The media firestorm over the Rolling Stone profile (6/22/10) of General Stanley McChrystal mostly missed the real point of the article, which was a damning portrait of the U.S. war in Afghanistan.
Much of the media coverage stressed the criticism and insults hurled by McChrystal and his staff at various administration figures. Some of these remarks were more substantive than others. A joke about Joe Biden (“Bite Me”) has been overblown; McChrystal and his staff seemed to be suggesting a list of possible gaffes the general might make following a speech.
The real significance of the piece is in the criticism–voiced by soldiers in Afghanistan and military experts–of the war itself. “Even those who support McChrystal and his strategy of counterinsurgency know that whatever the general manages to accomplish in Afghanistan, it’s going to look more like Vietnam than Desert Storm,” wrote Rolling Stone‘s Michael Hastings.
A senior adviser to McChrystal stated, “If Americans pulled back and started paying attention to this war, it would become even less popular.” Hastings added that some officials see the war requiring a much larger troop presence: “Instead of beginning to withdraw troops next year, as Obama promised, the military hopes to ramp up its counterinsurgency campaign even further.”
Hastings conveyed a sense of confusion over precisely what the mission in Afghanistan is supposed to be. Some soldiers complained that the rules of engagement put them at greater risk, though they were uncertain whether these were McChrystal’s intended policies or rules that have been, as Hastings put it, “distorted as they passed through the chain of command.”
Hastings also pointed out that McChrystal’s history has been glossed over by the media, beginning in Iraq: “When Defense Secretary Donald Rumsfeld made his infamous ‘stuff happens’ remark during the looting of Baghdad, McChrystal backed him up. A few days later, he echoed the president’s Mission Accomplished gaffe by insisting that major combat operations in Iraq were over.”
After Army ranger (and former pro football player) Pat Tillman was killed in 2004, McChrystal “signed off on a falsified recommendation for a Silver Star that suggested Tillman had been killed by enemy fire. (McChrystal would later claim he didn’t read the recommendation closely enough–a strange excuse for a commander known for his laserlike attention to minute details.)”
In 2006, there was a scandal about torture and abuse reminiscent of Abu Ghraib at another detention facility in Iraq that was overseen by McChrystal. “McChrystal was not disciplined in the scandal,” Rolling Stone reported, “even though an interrogator at the camp reported seeing him inspect the prison multiple times.”
Hastings concluded that the media have mostly “given McChrystal a pass” on these controversies. Indeed, a Washington Post story (6/24/10) on McChrystal’s ouster noted in passing that he “had to fend off allegations that he played a role in the Army’s mishandling of the death of Ranger Cpl. Pat Tillman,” and that he “faced criticism for his oversight of detention facilities where prisoner abuse occurred.”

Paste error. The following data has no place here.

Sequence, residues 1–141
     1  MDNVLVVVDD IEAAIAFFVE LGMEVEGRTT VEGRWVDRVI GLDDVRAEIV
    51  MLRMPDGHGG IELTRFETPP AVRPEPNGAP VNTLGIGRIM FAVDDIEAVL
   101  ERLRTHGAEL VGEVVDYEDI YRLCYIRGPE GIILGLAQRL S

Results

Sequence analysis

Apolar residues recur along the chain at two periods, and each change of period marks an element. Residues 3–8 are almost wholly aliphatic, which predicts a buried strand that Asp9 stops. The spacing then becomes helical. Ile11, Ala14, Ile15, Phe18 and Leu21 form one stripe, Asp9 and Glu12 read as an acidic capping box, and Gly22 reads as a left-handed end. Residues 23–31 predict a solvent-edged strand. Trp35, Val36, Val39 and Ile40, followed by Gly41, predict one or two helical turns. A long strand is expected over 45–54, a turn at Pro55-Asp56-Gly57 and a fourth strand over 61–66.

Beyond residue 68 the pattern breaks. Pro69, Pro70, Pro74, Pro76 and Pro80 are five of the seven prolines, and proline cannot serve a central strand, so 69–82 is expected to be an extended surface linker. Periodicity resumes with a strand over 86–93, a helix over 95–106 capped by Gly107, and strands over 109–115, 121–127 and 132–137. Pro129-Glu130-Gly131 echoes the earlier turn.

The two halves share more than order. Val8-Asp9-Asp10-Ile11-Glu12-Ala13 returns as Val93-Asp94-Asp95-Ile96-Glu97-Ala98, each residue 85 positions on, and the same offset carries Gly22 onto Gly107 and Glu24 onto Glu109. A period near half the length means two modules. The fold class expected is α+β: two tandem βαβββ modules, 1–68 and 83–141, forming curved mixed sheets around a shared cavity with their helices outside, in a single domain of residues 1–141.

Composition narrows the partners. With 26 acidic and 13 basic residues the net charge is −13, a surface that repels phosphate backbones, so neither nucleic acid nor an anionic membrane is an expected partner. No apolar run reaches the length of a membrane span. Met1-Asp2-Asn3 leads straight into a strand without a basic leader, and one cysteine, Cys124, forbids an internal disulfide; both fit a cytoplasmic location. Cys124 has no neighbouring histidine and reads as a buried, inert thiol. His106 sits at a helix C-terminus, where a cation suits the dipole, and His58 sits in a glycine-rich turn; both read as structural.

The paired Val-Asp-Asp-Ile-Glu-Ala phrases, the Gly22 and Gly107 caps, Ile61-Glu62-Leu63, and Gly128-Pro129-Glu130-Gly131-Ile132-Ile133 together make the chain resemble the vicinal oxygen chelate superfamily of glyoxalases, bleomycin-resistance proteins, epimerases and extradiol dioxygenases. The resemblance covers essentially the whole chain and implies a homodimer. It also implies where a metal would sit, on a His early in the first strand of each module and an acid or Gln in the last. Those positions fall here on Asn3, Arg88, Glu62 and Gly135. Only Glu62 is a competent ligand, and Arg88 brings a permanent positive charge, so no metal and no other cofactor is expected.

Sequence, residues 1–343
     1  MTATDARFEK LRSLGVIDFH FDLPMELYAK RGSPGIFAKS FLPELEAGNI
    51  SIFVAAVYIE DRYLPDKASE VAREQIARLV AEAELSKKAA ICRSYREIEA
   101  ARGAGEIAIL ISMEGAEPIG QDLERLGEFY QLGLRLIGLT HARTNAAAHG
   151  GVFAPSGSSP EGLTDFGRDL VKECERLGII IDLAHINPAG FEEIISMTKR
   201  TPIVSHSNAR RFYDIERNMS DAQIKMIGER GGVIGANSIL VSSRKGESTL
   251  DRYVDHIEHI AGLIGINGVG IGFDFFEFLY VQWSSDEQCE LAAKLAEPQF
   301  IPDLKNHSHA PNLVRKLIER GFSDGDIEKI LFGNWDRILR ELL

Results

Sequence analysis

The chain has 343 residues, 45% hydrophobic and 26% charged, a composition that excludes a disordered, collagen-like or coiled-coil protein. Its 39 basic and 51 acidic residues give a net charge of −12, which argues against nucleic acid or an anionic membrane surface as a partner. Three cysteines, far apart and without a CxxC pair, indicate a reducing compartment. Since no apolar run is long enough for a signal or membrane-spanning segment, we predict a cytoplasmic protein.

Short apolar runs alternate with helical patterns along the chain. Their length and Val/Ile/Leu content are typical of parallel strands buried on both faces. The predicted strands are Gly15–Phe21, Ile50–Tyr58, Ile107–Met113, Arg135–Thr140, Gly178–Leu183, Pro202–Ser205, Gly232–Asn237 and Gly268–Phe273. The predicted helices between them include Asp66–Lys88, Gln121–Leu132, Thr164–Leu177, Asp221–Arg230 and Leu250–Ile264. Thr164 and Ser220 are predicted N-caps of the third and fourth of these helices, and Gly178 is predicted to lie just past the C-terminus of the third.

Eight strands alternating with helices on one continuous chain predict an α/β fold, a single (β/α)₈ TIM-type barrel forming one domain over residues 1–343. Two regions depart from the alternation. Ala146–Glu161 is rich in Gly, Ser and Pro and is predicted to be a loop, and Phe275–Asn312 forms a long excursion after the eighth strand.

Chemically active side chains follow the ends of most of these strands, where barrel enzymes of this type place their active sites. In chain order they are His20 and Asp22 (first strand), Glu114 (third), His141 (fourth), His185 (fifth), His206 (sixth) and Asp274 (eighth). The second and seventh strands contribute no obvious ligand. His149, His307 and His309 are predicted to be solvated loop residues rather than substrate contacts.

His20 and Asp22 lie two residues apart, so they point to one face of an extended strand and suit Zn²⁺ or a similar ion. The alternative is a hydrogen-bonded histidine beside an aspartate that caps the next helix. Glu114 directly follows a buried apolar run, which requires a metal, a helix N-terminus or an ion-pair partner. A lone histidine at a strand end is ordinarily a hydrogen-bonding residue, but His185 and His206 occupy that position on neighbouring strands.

Discussing the broader message of the Rolling Stone article is clearly not something the White House wants–and neither do corporate media, preferring the personal drama of military officials making politically damaging comments about political leaders, and the White House’s attempt to assert control.
Thus, Obama’s decision to dismiss McChrystal and bring in General David Petraeus seemed to bring sighs of relief. As Washington Post columnist Dana Milbank wrote (6/23/10), it was a “rare” but welcome sight: “The commander in chief was being commanding.” Milbank added that Obama’s “best moments as president” including “defying his own party to ecalate the fight in Afghanistan.”
The fact that he named Petraeus as McChrystal’s replacement was essentially swapping one media favorite with another (Extra!, 11-12/07). “Naming the highly respected Petraeus as the new commander is by all accounts a great save,” explained ABC Pentagon reporter Martha Raddatz (Nightline, 6/23/10). “It allows the administration to continue the same counterinsurgency strategy in Afghanistan without missing a beat.” Raddatz helpfully added this assessment: “A warrior and a scholar, Petraeus is sometimes jokingly referred to as a water walker, since almost everything he touches seems to turn to gold.”
Similar pronouncements were heard throughout the corporate media. The right-wing Media Research Center gathered them in a video reel, which Fox host Bill O’Reilly used on his June 24 show. Apparently the media’s gushing enthusiasm for Petraeus is yet another sign of their left-wing bias.
So a story that was an indictment of the war became a lesson in how the White House would be sticking with its plan. As the Washington Post (6/24/10) put it, Obama’s “decision to turn over the Afghan command to Gen. David H. Petraeus allowed the president to keep his war strategy intact.” NBC Pentagon reporter Jim Miklasziewski (6/23/10) declared that “the military is very high on David Petraeus, and there should be no slowdown or hitch in the Afghanistan strategy.” NBC reporter Chuck Todd (6/23/10) noted that the “one thing the president made clear: He may be changing commanders, but not the mission…. Trading McChrystal for Petraeus neutralized what could have turned into another political mess.”
Of course, the war in Afghanistan would already seem to qualify as a “mess,” to say the very least. But for now, Obama asserted presidential control–and that’s something most reporters and pundits were eager to cheer.